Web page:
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Guide to Setting up a VPN on Your Router

Guide to Setting up a VPN on Your Router

Dwight Pavlovic
Reading time: 7 minutes
Maintaining a high standard for online security is increasingly important for everyone who browses the web. Setting up a virtual private network (VPN) on your router is one way that you can boost security and efficiency across multiple devices, adding confidence to your transactions and protecting your data from being intercepted.
A VPN is a key consideration for businesses, but individuals and households can benefit from using one, too. In this article, we’ll offer a straightforward guide for how to get started with your VPN. We’ll also provide some basic background information and other resources if you’re looking for different options.

What is a VPN?

VPNs allow you to bypass your ISP’s servers by directing activity through a secure remote server. Creating a link between your device and the server is typically called tunneling, which provides a secure end-to-end connection for all of your online activity.
This connection is called a private network. It can protect your identity by masking your typical IP address, and the encryption built into the VPN tunnel secures your information. Even if a third party manages to breach your data, they shouldn’t be able to make any sense of it. At the very least, it prevents your online data from being sold for marketing or misuse.

How to set up a VPN

Begin by unpacking and connecting your router for setup. To save trouble later, consider keeping the hardware specs and accompanying documentation available throughout the procedure. You’ll also want to have as much information as possible from your VPN provider before you get started, and their standard support options may be able to help in a pinch.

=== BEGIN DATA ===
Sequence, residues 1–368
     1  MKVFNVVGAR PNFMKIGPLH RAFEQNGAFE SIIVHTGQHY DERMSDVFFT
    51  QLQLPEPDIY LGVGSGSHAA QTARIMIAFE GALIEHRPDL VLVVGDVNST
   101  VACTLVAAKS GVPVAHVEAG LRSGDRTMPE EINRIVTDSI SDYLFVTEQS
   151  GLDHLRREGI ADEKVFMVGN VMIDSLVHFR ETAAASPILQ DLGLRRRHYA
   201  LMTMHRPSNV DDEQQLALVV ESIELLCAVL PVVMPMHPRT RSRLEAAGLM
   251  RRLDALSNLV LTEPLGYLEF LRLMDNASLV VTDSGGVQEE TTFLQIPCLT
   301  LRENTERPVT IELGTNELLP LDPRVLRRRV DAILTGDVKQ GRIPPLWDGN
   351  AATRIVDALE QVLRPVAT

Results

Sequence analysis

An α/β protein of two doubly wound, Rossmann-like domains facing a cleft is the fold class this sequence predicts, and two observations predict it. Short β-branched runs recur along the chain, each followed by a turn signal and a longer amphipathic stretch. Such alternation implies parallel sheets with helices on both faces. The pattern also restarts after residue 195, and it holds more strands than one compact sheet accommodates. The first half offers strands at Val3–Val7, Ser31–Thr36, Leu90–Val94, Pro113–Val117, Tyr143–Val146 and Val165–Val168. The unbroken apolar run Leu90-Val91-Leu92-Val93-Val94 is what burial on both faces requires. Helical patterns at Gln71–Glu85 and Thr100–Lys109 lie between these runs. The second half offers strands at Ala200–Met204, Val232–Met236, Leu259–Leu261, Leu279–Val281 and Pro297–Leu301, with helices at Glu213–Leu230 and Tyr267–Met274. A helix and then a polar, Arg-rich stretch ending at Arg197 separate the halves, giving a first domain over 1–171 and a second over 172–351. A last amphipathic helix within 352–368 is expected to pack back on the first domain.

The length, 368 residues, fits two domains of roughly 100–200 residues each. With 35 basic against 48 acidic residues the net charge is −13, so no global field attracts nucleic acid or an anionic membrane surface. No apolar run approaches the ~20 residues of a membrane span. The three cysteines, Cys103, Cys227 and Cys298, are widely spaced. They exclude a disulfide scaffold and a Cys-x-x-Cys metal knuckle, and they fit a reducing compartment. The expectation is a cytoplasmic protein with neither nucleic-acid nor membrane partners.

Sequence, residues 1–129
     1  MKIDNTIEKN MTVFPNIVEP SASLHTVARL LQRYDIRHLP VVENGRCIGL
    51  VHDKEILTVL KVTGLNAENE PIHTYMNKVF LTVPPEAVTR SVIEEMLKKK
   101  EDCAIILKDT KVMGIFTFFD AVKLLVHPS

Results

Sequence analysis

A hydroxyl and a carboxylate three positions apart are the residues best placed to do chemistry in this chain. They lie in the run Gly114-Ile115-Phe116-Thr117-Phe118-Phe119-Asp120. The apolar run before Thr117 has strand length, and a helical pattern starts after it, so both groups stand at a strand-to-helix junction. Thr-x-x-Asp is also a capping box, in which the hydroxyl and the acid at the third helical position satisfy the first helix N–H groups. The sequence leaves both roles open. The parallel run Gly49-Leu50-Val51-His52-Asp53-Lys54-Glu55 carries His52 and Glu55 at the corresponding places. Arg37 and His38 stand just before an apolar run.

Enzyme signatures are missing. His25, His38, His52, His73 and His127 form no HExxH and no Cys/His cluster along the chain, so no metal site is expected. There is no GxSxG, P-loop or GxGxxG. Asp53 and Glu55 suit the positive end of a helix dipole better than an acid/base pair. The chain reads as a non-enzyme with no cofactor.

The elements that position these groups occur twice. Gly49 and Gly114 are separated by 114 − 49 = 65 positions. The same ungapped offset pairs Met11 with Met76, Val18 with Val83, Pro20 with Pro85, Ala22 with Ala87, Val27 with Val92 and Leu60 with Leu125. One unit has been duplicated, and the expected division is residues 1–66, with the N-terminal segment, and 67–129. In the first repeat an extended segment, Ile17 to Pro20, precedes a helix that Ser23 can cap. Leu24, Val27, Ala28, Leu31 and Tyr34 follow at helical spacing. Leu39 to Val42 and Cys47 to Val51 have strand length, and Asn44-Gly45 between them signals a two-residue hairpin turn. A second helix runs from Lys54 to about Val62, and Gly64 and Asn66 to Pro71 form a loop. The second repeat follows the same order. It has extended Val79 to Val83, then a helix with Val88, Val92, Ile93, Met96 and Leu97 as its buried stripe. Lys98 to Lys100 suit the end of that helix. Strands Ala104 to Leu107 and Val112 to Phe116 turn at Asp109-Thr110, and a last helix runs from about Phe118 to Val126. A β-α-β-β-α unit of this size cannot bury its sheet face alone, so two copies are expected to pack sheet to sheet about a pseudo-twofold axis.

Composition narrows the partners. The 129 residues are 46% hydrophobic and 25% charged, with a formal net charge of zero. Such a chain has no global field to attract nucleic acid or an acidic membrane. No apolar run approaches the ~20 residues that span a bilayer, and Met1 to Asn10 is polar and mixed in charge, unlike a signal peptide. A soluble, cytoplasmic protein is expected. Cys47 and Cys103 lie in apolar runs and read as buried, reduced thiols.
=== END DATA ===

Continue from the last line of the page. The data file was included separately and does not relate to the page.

1. Sign in to your router

In order to set up a VPN on your router, you first need to log in to your device. This is how you’ll access your router’s firmware interface to configure VPN settings. If you’ve never logged in to your router before, the process is easy but you’ll need to know your device’s IP address.
To find your IP address:
1. Type Command Prompt into the search bar next to the Windows button.
2. Type ipconfig and hit Enter to load your router information.
3. Look for the Ethernet or WiFi heading and you’ll find your router’s address next to the Default Gateway entry.
Once you have your IP address, follows these steps:
4. Enter your router’s IP address into your preferred browser’s search bar (Google Chrome or Microsoft Edge, for example).
5. From here you will need to enter a default administrative login or other user information you selected during an earlier configuration.
6. If your router’s firmware won’t load or your device is behaving unexpectedly, check your specs or search the web for other user experiences for extra insight.

2. Use your router’s interface to configure the VPN

Logging in to your router is easy once you’ve gone through the process and saved your information, but each firmware interface is different. That means how you configure your router VPN preferences will depend almost entirely on the make and capabilities of your device.
You can easily configure some models as part of the installation process, but others will require a manual setup in order to work properly. That means you may have to do some research on your device in order to find specifics tailored to its interface and configuration.
Your choice of VPN client will also impact the process in some ways, particularly if you install new firmware for your device. Fortunately VPN services typically want to make this process as simple as possible, so you can often count on support for guidance with installation or configuration.
If that sounds too daunting, there are other options to consider. Scroll down a few paragraphs to read our section devoted to pre-configured VPN routers.

3. Confirm that changes have been applied

Some VPN routers will provide their own diagnostic systems, but it never hurts to make sure that your configuration is working properly. The easiest way to test your router and confirm that your VPN settings are working correctly is to check that your IP information is properly masked. There are plenty of paid and even some free options for VPN testing, or you can try a quick solution on your own.